My bass made it here just fine, and is holding up in the cold and very dry weather. It had been close to and even sometimes freezing here the last couple weeks, but spring looks to be finally coming soon. about the only issue bass-wise is that I've had to play around with my bridge- height adjusters a bit, no big deal. Very glad to have a plywood bass in these conditions, I would have worried a lot about using a carved bass here.
     
  9. Good to hear your bass made it to China! I probably won't have time in the next few months because of work/study commitments, but just in case I get a chance to go to Hangzhou ... how long will you play there for?
     
  10. mje

    mje

    Aug 1, 2002
    Southeast Michigan
    This didn't seem to jibe with my memory, so I did a little research. According to the web site of a cargo shipper I checked, unheated cargo areas range from 30 to 70F. It seems there's a lot of thermal mass and insulation in all that luggage and cargo, so on shorter flights the cargo hold doesn't cool much at all.

    The cargo area on airliners, whether heated or not, is still part of the same pressure vessel as the cabin, for structural reasons. You can't make a light, efficient pressure vessel with flat sides. If you don't pressurize the hold, the floor or ceiling adjacent will buckle. A number of DC-10s were lost because of a design flaw that allowed the rear cargo door to open at altitude. This resulted in depressurization of the cargo hold, which caused the floor to buckle and damage flight controls
     
  11. arnoldschnitzer

    arnoldschnitzer AES Fine Instruments

    Feb 16, 2002
    Brewster, NY, USA
    Glad to hear there is pressure in that part of the plane. As far as the temperature, I've had clients tell me their basses were so cold after an asian flight that they were weeping condensation when the case was opened. Another client flew from NY to Shanghai and his bass was taken off the plane and then set in the sun on the tarmac (during the summer, no less!). Somehow the only thing that happened to the bass was that the cover melted into the finish. A lot of other instruments from the orchestra were severely damaged, however.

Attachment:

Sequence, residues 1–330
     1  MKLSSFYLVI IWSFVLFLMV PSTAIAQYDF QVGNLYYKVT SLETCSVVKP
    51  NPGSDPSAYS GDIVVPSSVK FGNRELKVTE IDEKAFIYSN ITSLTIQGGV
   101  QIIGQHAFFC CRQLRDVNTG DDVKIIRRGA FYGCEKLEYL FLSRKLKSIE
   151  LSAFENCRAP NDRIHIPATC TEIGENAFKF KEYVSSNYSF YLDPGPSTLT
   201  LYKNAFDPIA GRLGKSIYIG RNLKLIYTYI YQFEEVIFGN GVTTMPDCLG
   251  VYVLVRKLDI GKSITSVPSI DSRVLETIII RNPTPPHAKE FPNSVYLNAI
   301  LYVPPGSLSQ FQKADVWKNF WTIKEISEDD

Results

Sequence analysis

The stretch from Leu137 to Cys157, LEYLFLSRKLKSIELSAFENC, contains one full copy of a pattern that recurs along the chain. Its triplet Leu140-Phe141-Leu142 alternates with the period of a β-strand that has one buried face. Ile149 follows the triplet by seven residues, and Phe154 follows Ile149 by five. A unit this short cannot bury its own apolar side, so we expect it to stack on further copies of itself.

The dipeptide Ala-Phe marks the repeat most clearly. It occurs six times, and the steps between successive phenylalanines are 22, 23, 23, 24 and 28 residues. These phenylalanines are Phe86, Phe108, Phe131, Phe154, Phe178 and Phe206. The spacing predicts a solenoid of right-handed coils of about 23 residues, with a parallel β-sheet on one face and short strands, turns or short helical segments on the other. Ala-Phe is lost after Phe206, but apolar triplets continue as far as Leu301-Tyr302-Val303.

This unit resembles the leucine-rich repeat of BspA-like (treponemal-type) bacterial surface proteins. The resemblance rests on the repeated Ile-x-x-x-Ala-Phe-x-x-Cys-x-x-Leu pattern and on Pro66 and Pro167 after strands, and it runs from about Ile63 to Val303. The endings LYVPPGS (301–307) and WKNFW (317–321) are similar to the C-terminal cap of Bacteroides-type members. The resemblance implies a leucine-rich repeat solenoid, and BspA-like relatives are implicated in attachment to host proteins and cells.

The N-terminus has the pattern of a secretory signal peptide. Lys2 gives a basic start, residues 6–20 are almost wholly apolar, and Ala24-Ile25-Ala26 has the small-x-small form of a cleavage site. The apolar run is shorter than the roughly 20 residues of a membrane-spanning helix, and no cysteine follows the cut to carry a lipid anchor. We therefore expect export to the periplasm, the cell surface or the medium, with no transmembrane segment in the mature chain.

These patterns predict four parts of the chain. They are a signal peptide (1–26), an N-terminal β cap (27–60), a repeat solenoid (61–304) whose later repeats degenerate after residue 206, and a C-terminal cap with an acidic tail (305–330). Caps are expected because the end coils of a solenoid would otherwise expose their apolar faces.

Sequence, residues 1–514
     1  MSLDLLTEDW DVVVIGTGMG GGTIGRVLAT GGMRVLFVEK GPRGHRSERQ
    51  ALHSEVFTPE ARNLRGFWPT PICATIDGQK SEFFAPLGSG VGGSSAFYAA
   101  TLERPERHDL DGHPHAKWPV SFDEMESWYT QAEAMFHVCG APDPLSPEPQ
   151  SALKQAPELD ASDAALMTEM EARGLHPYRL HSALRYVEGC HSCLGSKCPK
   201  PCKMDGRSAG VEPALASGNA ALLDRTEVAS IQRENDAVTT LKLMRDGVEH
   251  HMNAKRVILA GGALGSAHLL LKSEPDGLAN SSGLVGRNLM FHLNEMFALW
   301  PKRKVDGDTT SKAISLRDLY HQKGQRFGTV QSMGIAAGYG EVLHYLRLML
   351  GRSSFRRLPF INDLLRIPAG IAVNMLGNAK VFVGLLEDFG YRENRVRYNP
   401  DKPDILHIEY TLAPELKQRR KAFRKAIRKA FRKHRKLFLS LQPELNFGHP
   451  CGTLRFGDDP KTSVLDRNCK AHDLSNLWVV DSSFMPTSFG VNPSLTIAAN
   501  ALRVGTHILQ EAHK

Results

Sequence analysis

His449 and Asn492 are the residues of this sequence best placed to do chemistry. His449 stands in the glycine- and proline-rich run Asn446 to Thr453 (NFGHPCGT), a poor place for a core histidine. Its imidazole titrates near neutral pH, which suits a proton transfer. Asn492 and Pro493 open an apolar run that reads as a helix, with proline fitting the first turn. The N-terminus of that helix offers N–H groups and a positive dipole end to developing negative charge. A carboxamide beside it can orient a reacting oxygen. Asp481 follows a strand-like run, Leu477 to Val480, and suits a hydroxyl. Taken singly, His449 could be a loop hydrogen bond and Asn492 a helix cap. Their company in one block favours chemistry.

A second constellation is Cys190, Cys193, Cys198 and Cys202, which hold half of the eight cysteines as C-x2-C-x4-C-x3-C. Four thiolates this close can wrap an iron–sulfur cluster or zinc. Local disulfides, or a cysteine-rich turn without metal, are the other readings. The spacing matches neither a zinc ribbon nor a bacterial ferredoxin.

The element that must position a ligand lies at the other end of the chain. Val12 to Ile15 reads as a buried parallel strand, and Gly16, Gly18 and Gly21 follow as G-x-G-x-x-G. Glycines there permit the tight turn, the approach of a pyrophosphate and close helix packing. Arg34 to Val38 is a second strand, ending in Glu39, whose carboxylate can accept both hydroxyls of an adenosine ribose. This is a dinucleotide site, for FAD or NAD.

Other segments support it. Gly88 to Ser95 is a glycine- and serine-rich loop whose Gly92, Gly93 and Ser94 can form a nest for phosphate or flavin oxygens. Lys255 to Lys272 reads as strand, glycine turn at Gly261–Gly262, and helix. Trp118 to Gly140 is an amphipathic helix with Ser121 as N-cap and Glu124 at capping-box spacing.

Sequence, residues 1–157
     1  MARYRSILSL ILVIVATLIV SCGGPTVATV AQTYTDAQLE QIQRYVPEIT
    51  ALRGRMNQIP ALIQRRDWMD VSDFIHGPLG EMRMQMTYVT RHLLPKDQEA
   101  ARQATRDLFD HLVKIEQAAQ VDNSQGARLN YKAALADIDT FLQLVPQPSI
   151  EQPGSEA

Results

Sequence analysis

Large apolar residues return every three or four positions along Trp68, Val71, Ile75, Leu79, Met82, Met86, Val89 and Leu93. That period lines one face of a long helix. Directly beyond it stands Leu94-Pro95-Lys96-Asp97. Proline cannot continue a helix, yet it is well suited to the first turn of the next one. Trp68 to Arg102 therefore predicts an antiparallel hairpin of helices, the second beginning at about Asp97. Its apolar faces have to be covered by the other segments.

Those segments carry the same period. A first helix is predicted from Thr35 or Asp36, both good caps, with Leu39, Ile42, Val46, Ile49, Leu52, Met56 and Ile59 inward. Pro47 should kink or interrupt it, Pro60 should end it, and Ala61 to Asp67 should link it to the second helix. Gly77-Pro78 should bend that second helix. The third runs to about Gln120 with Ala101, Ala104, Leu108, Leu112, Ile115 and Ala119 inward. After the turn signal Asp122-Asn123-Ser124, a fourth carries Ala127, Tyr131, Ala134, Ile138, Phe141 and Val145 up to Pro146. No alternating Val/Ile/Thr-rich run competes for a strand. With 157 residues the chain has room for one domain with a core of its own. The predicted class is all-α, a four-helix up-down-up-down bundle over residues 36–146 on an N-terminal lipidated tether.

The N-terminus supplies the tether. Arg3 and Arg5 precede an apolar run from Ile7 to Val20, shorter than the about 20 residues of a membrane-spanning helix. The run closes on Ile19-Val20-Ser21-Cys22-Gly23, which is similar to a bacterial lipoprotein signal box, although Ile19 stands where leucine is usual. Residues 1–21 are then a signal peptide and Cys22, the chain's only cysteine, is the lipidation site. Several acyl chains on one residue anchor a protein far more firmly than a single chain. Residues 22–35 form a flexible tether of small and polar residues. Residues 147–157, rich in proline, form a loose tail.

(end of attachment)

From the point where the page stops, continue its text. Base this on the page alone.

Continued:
12. Mike Carr

    Mike Carr

    Feb 5, 2002
    Hong Kong
    A.S.

    I too have experianced the weeping condensation phenomenom after an Asian flight. Once my bass came down the over-sized belt I opened it to find a lot of water on it, could have used a mop if I had one handy! I had a towel in the case, when finished drying the bass it was wringing wet.
    I think plywood is a smart choice for anyone that flies a lot.
    Uncle Lee, I hope to stay working here in Hangzhou thru the summer, come see me if you can.
     
  13. Freddels

    Freddels Musical Anarchist

    Apr 7, 2005
    Sutton, MA
    I've flown to Asian (without a bass) and I don't recall having my clothes in the suitcases being wet. Is there something about a bass that promotes this condensation? Is it the air cavity?

    Anyway, what about putting those silicone packets in the case with the bass? You know, those packets that you find in packing with electronics and things (only bigger).

    Just thinking out loud.
     
  14. mje

    mje

    Aug 1, 2002
    Southeast Michigan
    I'm trying to figure out where all that moisture came from! My best guess is that moist air from the cabin was sucked into the bass case as the plane descended, and pressure increased. Since the bass was colder than the heated cabin, the moisture condensed out of the air.

    A truely air-tight case would prevent this. That would be hard to do, though. Most air transport cases are designed to vent.
     
  15. The idea about silica gel is a good one; that stuff is quite effective. You can find big, reusable packets of it from auto restoration places, as a lot of guys use it to keep trunks, carpeting, and the like dry and fresh, particularly in older cars that might leak a bit. Once it gets wet, you just put it in the oven and "recharge" it. I'll see if I can go find a couple links...
     
  16. Here's a 500g one that absorbs its own weight in moisture and is disposable, while
    these guys have a number of different types, including some for bigger applications like trucks and cargo holds.